The EESC advises the Commission to deepen its reflection on this and other policy options, such as a reformed ETS, carbon border adjustment (4), a VAT rate adjusted to carbon intensity (5), and to compare them in terms of:

impact on carbon and investment leakage, in a future situation of higher prices and lower availability of ETS allowances in the EU,

legal certainty on compliance with WTO rules,

acceptability by trading partners,

technical feasibility, specifically regarding the existence of globally accepted accounting and measurement standards and of reliable and recognised databases.


The EESC also advises the Commission to engage early in consultations with the EU’s main trading partners to test their views on the options considered.

2.   General comments

2.1.    The dilemma of climate policy applied to resource- and energy-intensive industries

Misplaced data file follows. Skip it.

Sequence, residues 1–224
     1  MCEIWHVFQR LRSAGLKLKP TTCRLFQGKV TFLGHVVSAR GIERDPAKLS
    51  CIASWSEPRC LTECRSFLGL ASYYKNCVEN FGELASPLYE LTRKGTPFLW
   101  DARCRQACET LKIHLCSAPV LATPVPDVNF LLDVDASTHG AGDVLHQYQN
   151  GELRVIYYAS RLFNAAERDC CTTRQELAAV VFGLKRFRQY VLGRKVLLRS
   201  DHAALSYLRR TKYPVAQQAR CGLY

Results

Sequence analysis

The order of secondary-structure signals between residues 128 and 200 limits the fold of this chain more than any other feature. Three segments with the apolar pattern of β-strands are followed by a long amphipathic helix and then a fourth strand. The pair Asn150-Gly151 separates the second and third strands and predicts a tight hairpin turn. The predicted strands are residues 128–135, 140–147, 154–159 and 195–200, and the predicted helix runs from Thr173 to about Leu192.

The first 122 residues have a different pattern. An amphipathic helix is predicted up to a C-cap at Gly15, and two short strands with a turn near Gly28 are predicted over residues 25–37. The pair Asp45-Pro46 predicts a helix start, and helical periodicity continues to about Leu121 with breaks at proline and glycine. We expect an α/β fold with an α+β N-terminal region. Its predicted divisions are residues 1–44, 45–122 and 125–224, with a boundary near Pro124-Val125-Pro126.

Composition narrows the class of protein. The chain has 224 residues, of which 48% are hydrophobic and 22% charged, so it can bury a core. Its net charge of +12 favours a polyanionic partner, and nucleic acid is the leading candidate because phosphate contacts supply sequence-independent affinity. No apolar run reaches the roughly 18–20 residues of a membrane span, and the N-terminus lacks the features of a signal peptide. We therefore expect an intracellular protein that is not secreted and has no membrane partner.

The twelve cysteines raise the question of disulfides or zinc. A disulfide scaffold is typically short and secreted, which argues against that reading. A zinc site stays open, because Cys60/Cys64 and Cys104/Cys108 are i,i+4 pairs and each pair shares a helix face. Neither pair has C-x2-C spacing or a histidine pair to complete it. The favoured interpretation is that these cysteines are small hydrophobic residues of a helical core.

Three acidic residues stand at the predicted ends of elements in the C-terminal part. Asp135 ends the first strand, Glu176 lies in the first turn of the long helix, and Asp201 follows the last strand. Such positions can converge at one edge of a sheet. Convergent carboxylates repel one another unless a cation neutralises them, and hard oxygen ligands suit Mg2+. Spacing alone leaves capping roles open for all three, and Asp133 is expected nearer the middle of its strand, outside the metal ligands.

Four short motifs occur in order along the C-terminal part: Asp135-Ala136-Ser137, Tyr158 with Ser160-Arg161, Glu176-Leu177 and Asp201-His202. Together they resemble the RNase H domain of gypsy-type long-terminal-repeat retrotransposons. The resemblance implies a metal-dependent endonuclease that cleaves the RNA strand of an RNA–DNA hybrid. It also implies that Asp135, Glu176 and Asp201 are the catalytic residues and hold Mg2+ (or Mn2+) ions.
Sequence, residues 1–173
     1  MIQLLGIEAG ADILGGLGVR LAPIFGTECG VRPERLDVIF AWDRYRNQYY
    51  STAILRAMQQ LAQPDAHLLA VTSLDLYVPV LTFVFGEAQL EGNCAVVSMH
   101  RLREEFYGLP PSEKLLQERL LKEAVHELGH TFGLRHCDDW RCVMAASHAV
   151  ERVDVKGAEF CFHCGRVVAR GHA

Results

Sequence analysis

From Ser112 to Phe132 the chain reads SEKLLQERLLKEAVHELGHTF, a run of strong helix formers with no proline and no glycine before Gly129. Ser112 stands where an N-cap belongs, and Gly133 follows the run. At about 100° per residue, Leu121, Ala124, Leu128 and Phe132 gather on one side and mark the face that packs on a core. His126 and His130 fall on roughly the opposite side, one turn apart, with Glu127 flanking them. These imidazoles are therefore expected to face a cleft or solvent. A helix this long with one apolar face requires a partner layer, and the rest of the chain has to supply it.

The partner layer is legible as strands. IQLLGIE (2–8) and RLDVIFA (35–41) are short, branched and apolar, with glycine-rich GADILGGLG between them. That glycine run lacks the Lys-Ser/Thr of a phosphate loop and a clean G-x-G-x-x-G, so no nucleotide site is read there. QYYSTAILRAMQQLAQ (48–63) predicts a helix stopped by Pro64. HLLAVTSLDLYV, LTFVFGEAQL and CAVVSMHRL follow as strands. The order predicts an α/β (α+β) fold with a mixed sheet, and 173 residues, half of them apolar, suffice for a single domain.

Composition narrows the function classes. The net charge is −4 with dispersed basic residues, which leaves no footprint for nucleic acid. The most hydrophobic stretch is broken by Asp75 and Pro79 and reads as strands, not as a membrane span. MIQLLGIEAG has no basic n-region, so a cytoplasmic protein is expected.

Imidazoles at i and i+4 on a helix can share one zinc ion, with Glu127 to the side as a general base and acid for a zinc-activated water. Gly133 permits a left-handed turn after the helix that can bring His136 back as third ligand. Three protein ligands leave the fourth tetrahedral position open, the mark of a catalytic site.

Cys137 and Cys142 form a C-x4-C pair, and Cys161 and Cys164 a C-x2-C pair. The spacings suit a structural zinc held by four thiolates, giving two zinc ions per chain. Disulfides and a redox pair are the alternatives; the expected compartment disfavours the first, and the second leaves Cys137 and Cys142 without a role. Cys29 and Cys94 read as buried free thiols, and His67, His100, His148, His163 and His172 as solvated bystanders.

Climate policy is confronted with an inherent difficulty.


On the one hand, the purpose of this policy is to ambitiously reduce greenhouse gas (GHG) emissions (both from the combustion of fossil fuels and from industrial processes). The target for the EU is to reach carbon neutrality by 2050, as encouraged by the Commission’s Communication ‘A clean planet for all’. With these reductions, global warming should remain well below 2 °C and hopefully below 1,5 °C, in a way that is compatible with agriculture that is able to feed humankind. In a market economy, a very efficient tool is to set a price for GHG emissions. In this way, economic players can either profitably invest in emissions-saving equipment or processes (including Carbon Capture and Storage/Use) or can save money by reducing their consumption of materials (e.g. by using longer-lasting products) or by switching their purchases of materials towards those that produce fewer GHG emissions (such as recycled materials). In order for this method to be effective, the price for GHG emissions must be high and predictable enough to trigger investment or behaviour change.